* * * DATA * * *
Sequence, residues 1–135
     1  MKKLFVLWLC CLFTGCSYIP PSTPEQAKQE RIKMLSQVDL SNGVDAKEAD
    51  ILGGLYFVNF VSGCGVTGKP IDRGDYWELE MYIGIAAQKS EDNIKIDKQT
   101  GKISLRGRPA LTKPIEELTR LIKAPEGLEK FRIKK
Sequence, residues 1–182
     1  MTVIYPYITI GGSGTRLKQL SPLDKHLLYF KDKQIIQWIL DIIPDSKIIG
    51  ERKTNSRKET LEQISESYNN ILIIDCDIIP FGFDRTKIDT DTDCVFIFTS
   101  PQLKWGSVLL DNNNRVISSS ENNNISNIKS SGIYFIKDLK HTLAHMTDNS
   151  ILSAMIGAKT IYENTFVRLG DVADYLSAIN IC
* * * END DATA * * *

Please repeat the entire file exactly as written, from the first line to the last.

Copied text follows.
Sequence, residues 1–135
     1  MKKLFVLWLC CLFTGCSYIP PSTPEQAKQE RIKMLSQVDL SNGVDAKEAD
    51  ILGGLYFVNF VSGCGVTGKP IDRGDYWELE MYIGIAAQKS EDNIKIDKQT
   101  GKISLRGRPA LTKPIEELTR LIKAPEGLEK FRIKK
Sequence, residues 1–182
     1  MTVIYPYITI GGSGTRLKQL SPLDKHLLYF KDKQIIQWIL DIIPDSKIIG
    51  ERKTNSRKET LEQISESYNN ILIIDCDIIP FGFDRTKIDT DTDCVFIFTS
   101  PQLKWGSVLL DNNNRVISSS ENNNISNIKS SGIYFIKDLK HTLAHMTDNS
   151  ILSAMIGAKT IYENTFVRLG DVADYLSAIN IC